Retired Veteran KTVU News Reporter Betty Ann Bruno Dies at 91; Appeared as a Munchkin at Age 7 in Judy Garland’s 1939 Classic “The Wizard of Oz”

By: Kevin Wing, Chairperson, Media Museum of Northern California

Betty Ann Bruno, a well-known presence on Bay Area television as a longtime news and investigative reporter and show host for KTVU Channel 2 in Oakland from the 1970s through the 1990s, died July 30 in Sonoma County after suffering a medical emergency. She was 91. Bruno would have celebrated her 92nd birthday Oct. 1.

Her husband and partner of 46 years, Craig Scheiner, a retired longtime KTVU news photographer, said Bruno suffered a heart attack at a local hospital after rushing her there after she complained of having a severe headache following a hula dance lesson she was teaching.

“She loved hula dancing,” Scheiner said, “The last thing she did was dance with her students. Danced in her bare feet like hula dancers do. Couldn’t have had a better way to go, doing what she loved.”

Bruno worked for the Oakland station from 1970 until her retirement in 1992, first working in the station’s community affairs department, which she became acquainted with during her tenure as president of the League of Women Voters of Oakland. Bruno helped to produce election broadcasts and public service announcements before joining the department’s staff. She would eventually host Channel 2’s public affairs show. After a stint with that, she was persuaded to move to the newsroom, where she became an accomplished, three-time Emmy Award-winning news reporter. Besides Emmys, Bruno received numerous accolades and honors, including a presidential certificate from President George H.W. Bush.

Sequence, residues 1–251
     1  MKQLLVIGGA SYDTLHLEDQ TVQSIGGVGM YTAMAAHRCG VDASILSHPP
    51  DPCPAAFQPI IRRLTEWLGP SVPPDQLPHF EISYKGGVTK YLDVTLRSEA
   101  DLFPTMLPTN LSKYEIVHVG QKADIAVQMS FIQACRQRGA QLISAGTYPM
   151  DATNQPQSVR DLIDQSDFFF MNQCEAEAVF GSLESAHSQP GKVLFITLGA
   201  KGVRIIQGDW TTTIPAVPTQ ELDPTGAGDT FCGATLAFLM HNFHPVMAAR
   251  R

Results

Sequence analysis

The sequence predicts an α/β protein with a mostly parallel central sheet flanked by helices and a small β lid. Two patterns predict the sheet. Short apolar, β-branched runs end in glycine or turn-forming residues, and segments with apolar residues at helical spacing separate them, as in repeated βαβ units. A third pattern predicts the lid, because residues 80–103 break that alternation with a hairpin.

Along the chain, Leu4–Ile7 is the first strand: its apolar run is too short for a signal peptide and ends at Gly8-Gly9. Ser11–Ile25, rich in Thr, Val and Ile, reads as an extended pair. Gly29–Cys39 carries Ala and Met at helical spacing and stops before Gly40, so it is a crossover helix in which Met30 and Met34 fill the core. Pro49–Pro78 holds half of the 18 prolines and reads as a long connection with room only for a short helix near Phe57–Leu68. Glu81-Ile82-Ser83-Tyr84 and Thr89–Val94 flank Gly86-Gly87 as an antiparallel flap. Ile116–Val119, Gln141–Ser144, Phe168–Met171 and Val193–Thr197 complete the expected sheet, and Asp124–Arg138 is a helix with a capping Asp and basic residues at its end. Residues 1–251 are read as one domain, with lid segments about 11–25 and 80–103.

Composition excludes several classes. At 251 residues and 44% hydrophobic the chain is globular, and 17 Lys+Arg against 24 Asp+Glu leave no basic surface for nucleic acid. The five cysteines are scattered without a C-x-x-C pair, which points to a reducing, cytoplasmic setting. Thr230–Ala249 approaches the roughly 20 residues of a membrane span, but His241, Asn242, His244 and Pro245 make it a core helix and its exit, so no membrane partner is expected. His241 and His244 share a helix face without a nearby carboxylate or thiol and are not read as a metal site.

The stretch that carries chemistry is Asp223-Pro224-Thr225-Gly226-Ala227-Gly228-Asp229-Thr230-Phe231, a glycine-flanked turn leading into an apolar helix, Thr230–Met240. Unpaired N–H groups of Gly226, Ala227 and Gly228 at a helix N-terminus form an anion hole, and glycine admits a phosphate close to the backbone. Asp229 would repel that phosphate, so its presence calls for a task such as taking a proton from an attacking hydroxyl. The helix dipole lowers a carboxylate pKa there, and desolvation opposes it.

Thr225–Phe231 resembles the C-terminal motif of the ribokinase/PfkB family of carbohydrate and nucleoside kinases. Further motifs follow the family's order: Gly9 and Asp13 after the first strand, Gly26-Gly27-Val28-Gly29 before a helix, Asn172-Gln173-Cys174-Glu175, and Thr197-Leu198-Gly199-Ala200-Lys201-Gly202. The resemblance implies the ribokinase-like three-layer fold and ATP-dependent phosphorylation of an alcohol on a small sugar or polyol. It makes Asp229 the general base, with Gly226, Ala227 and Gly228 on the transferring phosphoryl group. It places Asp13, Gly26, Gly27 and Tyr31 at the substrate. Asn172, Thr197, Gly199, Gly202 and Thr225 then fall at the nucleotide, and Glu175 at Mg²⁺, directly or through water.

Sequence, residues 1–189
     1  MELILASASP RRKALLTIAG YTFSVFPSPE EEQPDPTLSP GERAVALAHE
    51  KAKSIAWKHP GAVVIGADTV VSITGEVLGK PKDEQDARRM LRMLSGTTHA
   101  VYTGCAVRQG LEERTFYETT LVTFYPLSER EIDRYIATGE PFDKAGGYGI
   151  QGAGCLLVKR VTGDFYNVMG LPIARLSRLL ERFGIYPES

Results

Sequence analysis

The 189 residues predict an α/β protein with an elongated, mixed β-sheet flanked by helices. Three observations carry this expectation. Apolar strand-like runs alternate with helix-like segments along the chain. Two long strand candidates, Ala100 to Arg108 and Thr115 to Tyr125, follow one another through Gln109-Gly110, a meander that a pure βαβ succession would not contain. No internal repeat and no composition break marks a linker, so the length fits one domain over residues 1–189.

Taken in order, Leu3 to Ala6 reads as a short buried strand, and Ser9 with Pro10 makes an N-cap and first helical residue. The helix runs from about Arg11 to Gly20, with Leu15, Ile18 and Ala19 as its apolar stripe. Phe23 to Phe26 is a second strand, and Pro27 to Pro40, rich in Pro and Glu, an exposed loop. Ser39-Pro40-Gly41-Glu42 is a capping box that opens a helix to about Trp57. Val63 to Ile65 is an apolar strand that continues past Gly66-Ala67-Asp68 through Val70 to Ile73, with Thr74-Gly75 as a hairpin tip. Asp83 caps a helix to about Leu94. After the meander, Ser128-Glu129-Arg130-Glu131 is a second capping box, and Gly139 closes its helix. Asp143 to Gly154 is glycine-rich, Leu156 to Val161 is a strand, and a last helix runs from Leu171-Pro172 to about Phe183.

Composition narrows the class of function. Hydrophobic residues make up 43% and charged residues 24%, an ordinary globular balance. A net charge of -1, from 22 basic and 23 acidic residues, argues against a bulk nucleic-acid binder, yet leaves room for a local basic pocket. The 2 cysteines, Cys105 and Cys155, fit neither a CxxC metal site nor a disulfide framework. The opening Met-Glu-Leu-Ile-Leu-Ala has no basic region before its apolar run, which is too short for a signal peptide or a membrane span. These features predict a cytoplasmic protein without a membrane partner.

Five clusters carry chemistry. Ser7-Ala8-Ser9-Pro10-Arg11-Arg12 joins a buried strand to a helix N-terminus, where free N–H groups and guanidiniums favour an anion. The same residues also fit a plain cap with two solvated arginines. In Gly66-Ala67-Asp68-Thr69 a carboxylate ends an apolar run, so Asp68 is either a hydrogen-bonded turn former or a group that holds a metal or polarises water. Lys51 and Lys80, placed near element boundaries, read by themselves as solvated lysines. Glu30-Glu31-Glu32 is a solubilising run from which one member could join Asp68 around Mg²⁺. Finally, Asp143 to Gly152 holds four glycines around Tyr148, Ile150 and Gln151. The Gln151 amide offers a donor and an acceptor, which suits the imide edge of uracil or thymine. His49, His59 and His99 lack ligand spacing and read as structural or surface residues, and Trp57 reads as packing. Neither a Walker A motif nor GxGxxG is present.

In October 1991, Bruno and Scheiner lost their home in the Oakland hills to the devastating Oakland-Berkeley Hills firestorm, which destroyed more than 3,000 single-family homes, condominiums and apartments. The fire gutted more than 1,500 acres. When it was finally over, thousands of people lost their homes, and 25 people lost their lives.

Once the firestorm was over, Bruno and Scheiner allowed a KTVU cameraperson to walk with them as they surveyed what was left of their home. It had been reduced to ashes.

Although Bruno retired from KTVU in 1992, she remained with the station until 1994, working part-time.

“Betty Ann was such a good reporter,” said Bill Moore, a retired KTVU photographer who worked at the station for three decades, from the 1960s to the ’90s. “She was a great person to work with. I have the highest respect for her, and I will miss her.”

“Betty Ann’s amazing talent was that she could get anyone to talk to her, anyone,” said Gary Kauf, director of television broadcast operations and film at Ohlone College in Fremont and a former longtime KTVU reporter and producer. “She was non-threatening, and gentle with everyone.”

Born in Hawaii and raised in southern California, Bruno graduated from Stanford University, and also did graduate work at George Washington University in Washington, D.C.

At age 7, she was chosen to play one of the Munchkins in the 1939 film classic, “The Wizard of Oz”, starring Judy Garland.

After retirement, Bruno and Scheiner moved to Sonoma. In 2009, Bruno founded Hula Mai, which she called her “retirement career” — teaching hula and Hawaiian culture. Hula Mai performed in the Sonoma Plaza every spring and at luaus and other celebrations throughout the Sonoma Valley.

Officials with the Sonoma Cultural and Fine Arts Commission named Bruno the city’s Treasure Artist in 2020 and 2021.

We will miss you, Betty Ann. May you rest in peace.

Our sincerest condolences are with Craig and his family during this difficult time, and with everyone who knew Betty Ann as a trusted friend, colleague, teacher and mentor.